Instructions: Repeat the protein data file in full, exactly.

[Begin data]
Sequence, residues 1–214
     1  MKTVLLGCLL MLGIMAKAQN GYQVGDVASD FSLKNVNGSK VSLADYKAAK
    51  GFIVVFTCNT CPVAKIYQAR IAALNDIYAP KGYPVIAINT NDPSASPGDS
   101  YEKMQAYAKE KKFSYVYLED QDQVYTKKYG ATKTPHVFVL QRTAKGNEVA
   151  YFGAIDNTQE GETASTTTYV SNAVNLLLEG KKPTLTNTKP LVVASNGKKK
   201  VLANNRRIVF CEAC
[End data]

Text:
Sequence, residues 1–214
     1  MKTVLLGCLL MLGIMAKAQN GYQVGDVASD FSLKNVNGSK VSLADYKAAK
    51  GFIVVFTCNT CPVAKIYQAR IAALNDIYAP KGYPVIAINT NDPSASPGDS
   101  YEKMQAYAKE KKFSYVYLED QDQVYTKKYG ATKTPHVFVL QRTAKGNEVA
   151  YFGAIDNTQE GETASTTTYV SNAVNLLLEG KKPTLTNTKP LVVASNGKKK
   201  VLANNRRIVF CEAC